The Safavid Empire has been highlighted in modern scholarship on account of its success as a “Persian” dynasty, which not only shaped the approximate borders of the current state of Iran but also encouraged the spread of Twelver Shiʿism and adoration of the Twelve Imams among its population. This latter feature has been especially celebrated since the Islamic Revolution of 1979, despite the fact that the Safavids were also Sufi-inspired monarchs who were not above fraternizing with mystical brotherhoods like the Niʿmatullahis and the Nurbakhshis. Juxtaposed with the internecine politics that plagued Iran and Central Asia in the post-Mongol period (14–15th centuries), Safavid rule was relatively stable, and its sense of sovereignty and policy played a crucial role in the future ability of Iran to self-define as a “nation-state.”

Primary Sources

Compared to those working in the fields of Ottoman and Mughal studies, Safavid historians face considerable obstacles in their search for documentary and historical sources. While there are a number of well-known court chronicles, the lamentable loss of administrative decrees, bureaucratic manuals, and a range of wide archival materials amidst the Afghan sacking of the Safavid capital of Isfahan in 1722 is hard to overlook while provincial and regional libraries likewise suffered depredations during the 18th and 19th centuries. For the 16th-century reigns of Shah Ismaʿil and Shah Tahmasp, detailed chronicles have been edited and translated into English such as Khvandamir’s Habib al-siyar (the fourth volume is dedicated to the Safavids, translated by Wheeler Thackston) and Hasan Beg Rumlu’s Ahsan al-tavarikh (translated by C. Seddon). Other sources for this particular period have been edited, but remain in their original Persian, such as Budaq Khan Qazvini’s Javahir al-akhbar, Amir Sadr al-Din Haravi’s Futuhat-i shahi, ʿAbdi Beg Shirazi’s Takmilat al-akhbar, Afushtah-yi Natanzi’s Nuqavat al-asar, the Tarikh-i Shah Ismaʿil va Shah Tahmasp (by Khvandamir’s son, Mahmud b. Khvandamir), the Tarikh-i jahan-ara by Ghaffari Qazvini, the Tarikh-i ilchi-yi Nizamshah by the Deccani ambassador Khurshah b. Qubad Husaini, the Lubb al-tavarikh by Yahya Qazvini, the inimitable and very detailed two-volume Khulasat al-tavarikh by Qazi Ahmad al-Qummi, and lastly the Sharaf nama by the Kurdish notable and scholar Sharaf al-Din Bitlisi. Regarding material written by the Safavid shahs themselves, the best material is the collection of poetry (divan) by Shah Ismaʿil and the autobiography of Shah Tahmasp, the Tazkirat-i Tahmasp.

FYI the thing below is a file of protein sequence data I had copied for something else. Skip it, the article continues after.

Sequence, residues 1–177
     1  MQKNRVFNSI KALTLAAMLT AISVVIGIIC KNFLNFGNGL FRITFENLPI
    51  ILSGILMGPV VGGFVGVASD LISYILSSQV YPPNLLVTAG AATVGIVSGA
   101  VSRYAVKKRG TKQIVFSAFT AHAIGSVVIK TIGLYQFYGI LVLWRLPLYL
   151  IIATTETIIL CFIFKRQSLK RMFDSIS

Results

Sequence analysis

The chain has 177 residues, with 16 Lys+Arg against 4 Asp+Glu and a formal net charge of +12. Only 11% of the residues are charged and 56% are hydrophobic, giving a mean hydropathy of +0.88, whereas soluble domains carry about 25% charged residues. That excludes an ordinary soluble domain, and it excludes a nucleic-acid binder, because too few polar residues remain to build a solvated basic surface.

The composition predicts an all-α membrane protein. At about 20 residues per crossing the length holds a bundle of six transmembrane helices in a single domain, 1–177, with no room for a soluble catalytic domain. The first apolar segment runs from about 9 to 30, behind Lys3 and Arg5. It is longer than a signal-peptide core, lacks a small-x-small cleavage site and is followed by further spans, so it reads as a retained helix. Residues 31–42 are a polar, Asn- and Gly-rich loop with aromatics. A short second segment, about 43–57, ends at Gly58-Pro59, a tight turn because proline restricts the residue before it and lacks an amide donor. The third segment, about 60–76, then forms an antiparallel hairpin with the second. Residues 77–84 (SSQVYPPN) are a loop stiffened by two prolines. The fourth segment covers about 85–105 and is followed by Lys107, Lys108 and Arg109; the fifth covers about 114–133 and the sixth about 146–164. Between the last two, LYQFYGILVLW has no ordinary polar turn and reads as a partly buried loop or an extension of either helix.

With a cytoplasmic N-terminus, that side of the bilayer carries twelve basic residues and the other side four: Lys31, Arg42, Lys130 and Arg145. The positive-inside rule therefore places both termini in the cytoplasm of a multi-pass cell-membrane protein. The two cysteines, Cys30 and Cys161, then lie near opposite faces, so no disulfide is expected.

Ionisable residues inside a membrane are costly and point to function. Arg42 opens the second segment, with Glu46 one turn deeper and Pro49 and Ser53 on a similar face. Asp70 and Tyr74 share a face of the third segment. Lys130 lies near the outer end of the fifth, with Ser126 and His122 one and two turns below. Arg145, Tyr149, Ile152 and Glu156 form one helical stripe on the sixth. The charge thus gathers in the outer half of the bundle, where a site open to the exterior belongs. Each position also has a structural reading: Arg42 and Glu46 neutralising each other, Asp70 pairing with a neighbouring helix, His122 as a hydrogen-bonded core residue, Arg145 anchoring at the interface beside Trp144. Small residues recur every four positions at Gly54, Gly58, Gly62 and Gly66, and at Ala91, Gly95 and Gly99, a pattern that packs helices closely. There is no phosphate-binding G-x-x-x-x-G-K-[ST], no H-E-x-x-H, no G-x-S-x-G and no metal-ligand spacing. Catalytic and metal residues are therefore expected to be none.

For decades, the study of the reign of Shah ʿAbbas has been dominated by the use of the Tarikh-i ʿalam-ara-yi ʿAbbasi by Iskander Beg Munshi (an edited version by Iraj Afshar, and a translation in English by Roger Savory) and the lesser-known histories by ʿAbbas’s court astrologer Munajjim Yazdi, the Tarikh-i ʿAbbasi and the Rawzat al-Safaviyya by Mirza Hasan Junabadi. However, most recently, the third volume of the Afzal al-tavarikh (covering this particular reign) was discovered in manuscript form by Charles Melville and was edited and published in 2017. Later Safavid sources include the Khuld-i barin by Muhammad Yusuf Valih Isfahani, the Khulasat al-siyar by Muhammad Maʿsum Isfahani, Mirza Muhammad Tahir Vahid Qazvini’s Tarikh-i jahan-ara-yi ʿabbasi, and the Qissa-yi khaqani by Vali Quli b. Da’ud Shamlu. Two anonymous histories—the ʿAlam-ara-yi Shah Ismaʿil and the ʿAlam-ara-yi Shah Tahmasp—had previously been considered to have been written in the 16th century, but scholars now concur that they were indeed produced in the late 17th century.

The study of 17th-century Safavid Iran is helped in part by the influx of Europeans to Isfahan and a corresponding increase in the publication of travelogues, maps, court descriptions, and socioeconomic “gazetteers” of sorts. Important European sources worth mentioning include Michele Membré’s travelogue, which was translated by Sandy Morton as Michele Membré: Mission to the Lord Sophy of Persia (1539–1542); Pietro della Valle, I viaggi di Pietro della Valle; Adam Olearius, Vemehtre newe Beschreibung der Muscowtischen und Persischen Reyse sodurch gelegenheit einer Holsteinischen Gesandschaft an den Russischen Zaar und König in Persien geschehen; Raphael du Mans, Estat de la Perse en 1660; and the exhaustive ten-volume account of Safavid Iran during the 1660s and 1670s by Jean Chardin, the Voyages du chevalier Chardin, en Perse, et autres lieux de l’Orient. The account of Jean-Baptiste Tavernier, Les six voyages de J.B. Taverniers . . . en Turquie, en Perse, et aux Indes, deserves mention as well.